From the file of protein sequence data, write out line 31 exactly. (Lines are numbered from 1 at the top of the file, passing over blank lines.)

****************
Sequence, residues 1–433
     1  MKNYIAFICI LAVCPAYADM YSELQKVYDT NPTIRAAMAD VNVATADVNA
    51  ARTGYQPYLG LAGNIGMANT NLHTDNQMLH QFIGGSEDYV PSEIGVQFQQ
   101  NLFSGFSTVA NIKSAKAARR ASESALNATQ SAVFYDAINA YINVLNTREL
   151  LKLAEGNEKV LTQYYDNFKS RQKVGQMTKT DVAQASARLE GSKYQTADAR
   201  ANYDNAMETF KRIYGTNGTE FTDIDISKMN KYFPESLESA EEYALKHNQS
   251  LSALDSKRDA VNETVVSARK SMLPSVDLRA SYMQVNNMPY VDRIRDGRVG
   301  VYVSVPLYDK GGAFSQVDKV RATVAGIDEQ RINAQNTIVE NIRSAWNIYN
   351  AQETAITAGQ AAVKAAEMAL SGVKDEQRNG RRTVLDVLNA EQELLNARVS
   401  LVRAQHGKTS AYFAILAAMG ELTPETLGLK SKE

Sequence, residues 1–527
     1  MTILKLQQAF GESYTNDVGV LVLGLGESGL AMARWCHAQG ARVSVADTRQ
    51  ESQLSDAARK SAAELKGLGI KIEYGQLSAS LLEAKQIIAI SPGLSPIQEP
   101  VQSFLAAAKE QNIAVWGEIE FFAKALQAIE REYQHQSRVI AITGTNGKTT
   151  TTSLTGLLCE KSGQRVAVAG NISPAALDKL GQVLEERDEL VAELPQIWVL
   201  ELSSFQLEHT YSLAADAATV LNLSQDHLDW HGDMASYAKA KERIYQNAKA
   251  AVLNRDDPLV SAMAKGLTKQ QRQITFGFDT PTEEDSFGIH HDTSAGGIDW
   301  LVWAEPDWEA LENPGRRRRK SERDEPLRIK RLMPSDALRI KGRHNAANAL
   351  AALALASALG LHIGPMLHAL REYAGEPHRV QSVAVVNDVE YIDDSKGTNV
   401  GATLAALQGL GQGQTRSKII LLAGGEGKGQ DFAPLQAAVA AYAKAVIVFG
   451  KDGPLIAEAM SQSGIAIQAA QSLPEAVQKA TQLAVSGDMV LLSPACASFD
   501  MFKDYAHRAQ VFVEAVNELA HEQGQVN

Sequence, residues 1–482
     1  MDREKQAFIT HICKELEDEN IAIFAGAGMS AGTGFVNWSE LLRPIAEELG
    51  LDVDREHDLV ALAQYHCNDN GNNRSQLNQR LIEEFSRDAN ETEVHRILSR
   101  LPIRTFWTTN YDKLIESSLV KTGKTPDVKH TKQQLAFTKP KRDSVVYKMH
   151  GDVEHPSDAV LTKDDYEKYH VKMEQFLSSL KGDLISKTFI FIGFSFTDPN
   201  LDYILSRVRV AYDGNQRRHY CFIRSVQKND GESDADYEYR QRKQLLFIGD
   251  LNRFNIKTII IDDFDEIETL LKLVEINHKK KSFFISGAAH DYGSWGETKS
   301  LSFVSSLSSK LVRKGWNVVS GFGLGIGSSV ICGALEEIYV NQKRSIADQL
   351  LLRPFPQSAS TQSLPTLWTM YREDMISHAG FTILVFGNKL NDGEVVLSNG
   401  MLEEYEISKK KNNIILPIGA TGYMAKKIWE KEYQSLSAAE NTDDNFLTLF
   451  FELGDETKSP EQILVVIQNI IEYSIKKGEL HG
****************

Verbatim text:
   351  LLRPFPQSAS TQSLPTLWTM YREDMISHAG FTILVFGNKL NDGEVVLSNG